Earworm

earworm by Slug Signorino

Earworm, a loan translation of the German ‘ohrwurm,’ is a portion of a song or other music that repeats compulsively within one’s mind, put colloquially as ‘music being stuck in one’s head.’ Use of the English translation was popularized by James Kellaris, a marketing researcher at the University of Cincinnati, and American cognitive psychologist Daniel Levitin. Kellaris’ studies demonstrated that different people have varying susceptibilities to earworms, but that almost everybody has been afflicted with one at some time or another. The psychoanalyst Theodor Reik used the term ‘haunting melody’ to describe the psychodynamic features of the phenomenon. The term Musical Imagery Repetition (MIR) was suggested by neuroscientist and pianist Sean Bennett in 2003 in a scientifically researched profile of the phenomenon. Another scientific term for the phenomenon, ‘involuntary musical imagery,’ or INMI, was suggested by the neurologist Oliver Sacks in 2007.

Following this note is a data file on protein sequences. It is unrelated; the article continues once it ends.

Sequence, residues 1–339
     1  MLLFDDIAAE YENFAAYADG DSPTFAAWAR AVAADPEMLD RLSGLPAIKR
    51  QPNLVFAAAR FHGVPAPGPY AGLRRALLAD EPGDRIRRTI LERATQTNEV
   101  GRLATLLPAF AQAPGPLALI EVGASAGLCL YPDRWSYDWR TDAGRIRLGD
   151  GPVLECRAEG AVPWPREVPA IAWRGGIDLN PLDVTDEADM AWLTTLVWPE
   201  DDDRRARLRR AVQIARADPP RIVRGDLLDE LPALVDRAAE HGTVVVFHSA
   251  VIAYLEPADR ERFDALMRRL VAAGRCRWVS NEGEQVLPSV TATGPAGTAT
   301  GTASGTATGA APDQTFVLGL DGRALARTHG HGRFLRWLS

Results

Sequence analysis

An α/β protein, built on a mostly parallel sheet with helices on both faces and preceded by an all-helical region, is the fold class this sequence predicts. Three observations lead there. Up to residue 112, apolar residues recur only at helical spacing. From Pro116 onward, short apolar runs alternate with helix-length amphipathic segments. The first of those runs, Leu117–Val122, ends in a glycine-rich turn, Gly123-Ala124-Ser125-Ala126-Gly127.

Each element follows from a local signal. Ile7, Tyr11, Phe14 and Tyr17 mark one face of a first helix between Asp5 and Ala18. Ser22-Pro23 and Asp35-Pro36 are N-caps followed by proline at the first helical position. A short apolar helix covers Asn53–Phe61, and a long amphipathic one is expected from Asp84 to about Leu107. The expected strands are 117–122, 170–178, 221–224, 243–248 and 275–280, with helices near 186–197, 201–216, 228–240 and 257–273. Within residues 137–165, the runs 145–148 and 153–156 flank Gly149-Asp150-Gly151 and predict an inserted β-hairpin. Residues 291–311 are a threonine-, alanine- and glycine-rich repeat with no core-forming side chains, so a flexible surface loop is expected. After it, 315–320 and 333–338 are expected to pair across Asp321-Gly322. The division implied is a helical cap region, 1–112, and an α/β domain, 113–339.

People with obsessive-compulsive disorder (OCD) are more likely to report being troubled by ear worms – in some cases, medications for OCD can minimize the effects. The best way to eliminate an unwanted earworm is to simply play a different song. Supposedly, some songs are better for this purpose than others, such as the theme song to ‘Gilligan’s Island’ or ‘The Lion Sleeps Tonight.’ Arthur C. Clarke’s 1956 short story ‘The Ultimate Melody’ offers up a science fictional explanation for the phenomenon. The story is about a scientist who develops the ultimate melody—one that so compels the brain that its listener becomes completely and forever enraptured by it. He succeeds, and is found in a catatonia from which he never awakens.

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